Sprinkle a clean surface with flour. Place half of the dough onto the floured surface and shape it into a circle between 6 and 7 inches in diameter and 1 inch thick. Brush circle evenly with remaining heavy cream. Sprinkle turbinado sugar evenly over dough circle. Using a bench knife, cut the circle evenly into 8 wedges. Place each wedge onto the prepared baking sheet.

Repeat with other half of dough.

Bake on the middle rack in the preheated oven until golden brown, about 15 to 20 minutes. Cool before using maple glaze.

Directions for maple glaze:

Sift the powdered sugar into a small bowl. Add maple syrup and heavy cream until the glaze is desired consistency. You can either brush or drizzle the glaze onto the cooled pumpkin scones.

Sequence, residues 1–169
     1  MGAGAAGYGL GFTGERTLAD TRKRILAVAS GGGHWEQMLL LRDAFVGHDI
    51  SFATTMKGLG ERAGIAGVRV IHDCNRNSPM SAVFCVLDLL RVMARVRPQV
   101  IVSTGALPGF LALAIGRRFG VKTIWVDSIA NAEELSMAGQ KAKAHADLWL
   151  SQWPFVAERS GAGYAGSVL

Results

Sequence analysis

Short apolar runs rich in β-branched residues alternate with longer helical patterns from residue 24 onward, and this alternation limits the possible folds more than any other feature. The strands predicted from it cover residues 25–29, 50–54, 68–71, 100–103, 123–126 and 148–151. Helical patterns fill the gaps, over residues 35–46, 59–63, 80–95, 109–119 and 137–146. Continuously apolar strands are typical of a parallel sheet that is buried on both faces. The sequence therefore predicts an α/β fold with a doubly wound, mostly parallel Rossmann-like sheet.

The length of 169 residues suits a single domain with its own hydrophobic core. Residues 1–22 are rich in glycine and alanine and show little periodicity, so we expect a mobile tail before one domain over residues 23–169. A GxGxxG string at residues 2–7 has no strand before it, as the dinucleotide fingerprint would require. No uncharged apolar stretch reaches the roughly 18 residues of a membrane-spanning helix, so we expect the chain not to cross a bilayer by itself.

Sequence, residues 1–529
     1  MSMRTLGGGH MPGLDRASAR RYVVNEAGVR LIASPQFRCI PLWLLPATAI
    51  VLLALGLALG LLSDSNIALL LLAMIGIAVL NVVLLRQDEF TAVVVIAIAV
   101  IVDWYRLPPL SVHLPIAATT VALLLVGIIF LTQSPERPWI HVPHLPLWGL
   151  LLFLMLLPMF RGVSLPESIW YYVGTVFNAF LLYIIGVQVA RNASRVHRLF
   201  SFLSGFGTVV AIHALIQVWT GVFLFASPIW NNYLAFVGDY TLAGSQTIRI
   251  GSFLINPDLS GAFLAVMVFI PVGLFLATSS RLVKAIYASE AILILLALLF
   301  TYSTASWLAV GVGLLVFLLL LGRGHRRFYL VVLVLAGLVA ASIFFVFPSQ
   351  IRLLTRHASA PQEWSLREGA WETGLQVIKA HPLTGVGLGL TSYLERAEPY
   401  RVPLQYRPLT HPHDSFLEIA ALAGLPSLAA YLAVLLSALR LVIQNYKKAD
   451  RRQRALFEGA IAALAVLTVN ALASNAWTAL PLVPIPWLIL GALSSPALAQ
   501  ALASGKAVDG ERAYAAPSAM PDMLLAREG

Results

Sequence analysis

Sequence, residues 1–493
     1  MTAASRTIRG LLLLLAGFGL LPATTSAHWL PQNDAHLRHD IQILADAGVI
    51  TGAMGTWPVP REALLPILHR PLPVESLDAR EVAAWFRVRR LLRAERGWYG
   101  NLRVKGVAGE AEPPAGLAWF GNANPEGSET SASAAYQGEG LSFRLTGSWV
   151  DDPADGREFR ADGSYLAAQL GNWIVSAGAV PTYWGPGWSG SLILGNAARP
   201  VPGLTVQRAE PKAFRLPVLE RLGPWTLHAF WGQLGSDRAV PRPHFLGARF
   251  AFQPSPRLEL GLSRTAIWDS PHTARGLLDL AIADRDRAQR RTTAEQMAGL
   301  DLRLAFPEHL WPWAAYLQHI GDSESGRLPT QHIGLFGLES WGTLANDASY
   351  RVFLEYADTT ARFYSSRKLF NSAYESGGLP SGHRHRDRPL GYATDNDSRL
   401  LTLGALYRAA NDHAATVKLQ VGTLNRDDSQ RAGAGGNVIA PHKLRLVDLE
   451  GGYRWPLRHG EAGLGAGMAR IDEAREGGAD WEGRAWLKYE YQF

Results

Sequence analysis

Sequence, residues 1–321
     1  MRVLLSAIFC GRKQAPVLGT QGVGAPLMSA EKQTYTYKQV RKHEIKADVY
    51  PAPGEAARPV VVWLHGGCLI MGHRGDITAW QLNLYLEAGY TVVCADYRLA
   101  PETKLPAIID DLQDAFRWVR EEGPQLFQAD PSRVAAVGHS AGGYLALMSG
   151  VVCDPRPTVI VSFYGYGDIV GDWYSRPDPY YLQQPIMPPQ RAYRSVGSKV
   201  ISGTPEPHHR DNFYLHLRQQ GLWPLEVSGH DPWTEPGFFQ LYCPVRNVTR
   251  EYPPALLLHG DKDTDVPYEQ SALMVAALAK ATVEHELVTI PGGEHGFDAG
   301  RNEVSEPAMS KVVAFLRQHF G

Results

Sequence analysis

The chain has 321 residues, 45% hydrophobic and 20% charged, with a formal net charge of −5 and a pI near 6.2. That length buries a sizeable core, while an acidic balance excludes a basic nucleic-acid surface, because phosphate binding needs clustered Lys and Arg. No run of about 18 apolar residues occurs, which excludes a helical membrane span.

Just one more thing before I close this post. I do something with my scone dough that probably isn’t a normal thing. In the step where you stir the heavy cream mixture into the batter, I only stir until it is barely holding together. Most of the dough is still very crumbly. What I like to do at this point is pour the crumbly dough (and it does pour and sometimes makes a bit of a crumbly mess!) out onto the floured surface and use a technique similar to “frissage” to make it come together. I usually use this method for making sweet tart dough and pie dough, but it seems to work well for me for making scones also. I plan on making scones again soon so I will try to take pictures of the process the next time I do!

-Lynn

 

 

Back to the Drawing Board: Pumpkin Scones

I mentioned in a post last week that I was going to experiment with pumpkin scones again this week. I did actually get to it this time! Unfortunately, I was not happy with how these turned out.